Recent and Upcoming Highlights from our Pollinator Protection Work
Much of the most recent research in pollinator protection, and in fact a lot of new ecological research in general, is focused on computer model simulations, such as the BEEHAVE model. In particular, recent honeybee-specific projects have incorporated BEEHAVE to simulate the development of a honeybee colony and its nectar and pollen foraging behavior in different landscapes. BEEHAVE additionally allows for representation of multiple stressors to honeybee colonies and predicts the potential impact on colony development and survival.
Our Effects Team has used the BEEHAVE model for various projects and found it invaluable in honeybee colony predications. For example, in collaboration with the Pollinator Research Task Force, we recently released a 2-part publication series in Environmental Toxicology & Chemistry presenting, 1) a model validation of BEEHAVE using large-scale colony feeding studies, which can be used to inform the use of BEEHAVE to higher-tier ecological risk assessments, and 2) an application of BEEHAVE to analyze overwintering outcomes from simulated large-scale colony feeding studies. The findings from this work can be used to inform study designs for a large-scale colony feeding study in order to improve overwintering success in control hives and drive consistency within and across studies.
BEEHAVE was a star at May’s 2021 SETAC Europe conference where a new mechanistic effect model (BEEHAVE-Ecotox) was demonstrated to link realistic exposures of bees in the field with subsequent effects on different levels of the colony. We’re excited to review this work once published, as this model has significant risk assessment implications, including the capacity to extrapolate from laboratory to semi-field and field studies as well as the option to study effects in different crops and regions and to test various mitigation strategies.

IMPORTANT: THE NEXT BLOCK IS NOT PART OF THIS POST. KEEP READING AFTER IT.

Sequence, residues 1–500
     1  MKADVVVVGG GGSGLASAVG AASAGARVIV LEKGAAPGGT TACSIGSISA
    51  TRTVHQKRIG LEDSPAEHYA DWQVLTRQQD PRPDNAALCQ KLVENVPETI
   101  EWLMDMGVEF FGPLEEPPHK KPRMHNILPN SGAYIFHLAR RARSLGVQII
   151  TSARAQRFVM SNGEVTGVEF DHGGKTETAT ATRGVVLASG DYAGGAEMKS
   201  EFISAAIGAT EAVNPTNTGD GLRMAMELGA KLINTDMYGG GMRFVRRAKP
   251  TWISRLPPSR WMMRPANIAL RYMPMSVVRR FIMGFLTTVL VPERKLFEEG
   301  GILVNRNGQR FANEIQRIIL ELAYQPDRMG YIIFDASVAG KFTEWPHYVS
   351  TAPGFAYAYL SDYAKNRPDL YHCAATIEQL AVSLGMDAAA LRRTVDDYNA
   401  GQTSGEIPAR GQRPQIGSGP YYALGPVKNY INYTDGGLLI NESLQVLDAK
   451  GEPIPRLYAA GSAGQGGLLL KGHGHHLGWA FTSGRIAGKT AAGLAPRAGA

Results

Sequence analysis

Beyond BEEHAVE… Waterborne’s scientists will soon be presenting and publishing a slew of recent work in the field of pollinator protection, including:
- Evaluating vulnerability assessments across non-Apis bees: applying robust methodologies to examine individual and population level vulnerability across species!
- Evaluating the utility of endpoints used in guideline laboratory studies for honeybees: what parameters are really driving the hazard?
- Considering how we can approach screening-level type risk assessments for surfactants and inert ingredients.
Keep an eye on our upcoming newsletters for more details on our recent pollinator work.
Also, Waterborne’s Lead Ecotoxicologist, Jenn Collins will be co-chairing and presenting during the upcoming pollinator session of the American Chemical Society National Meeting in August. Other co-chairs for this session include environmental scientist John Purdy, Tom Steeger and Katrina White from the US EPA, and Annie Krueger from the University of Nebraska-Lincoln. This session is gearing up to be full of great presentations and new considerations for pollinator risk assessment.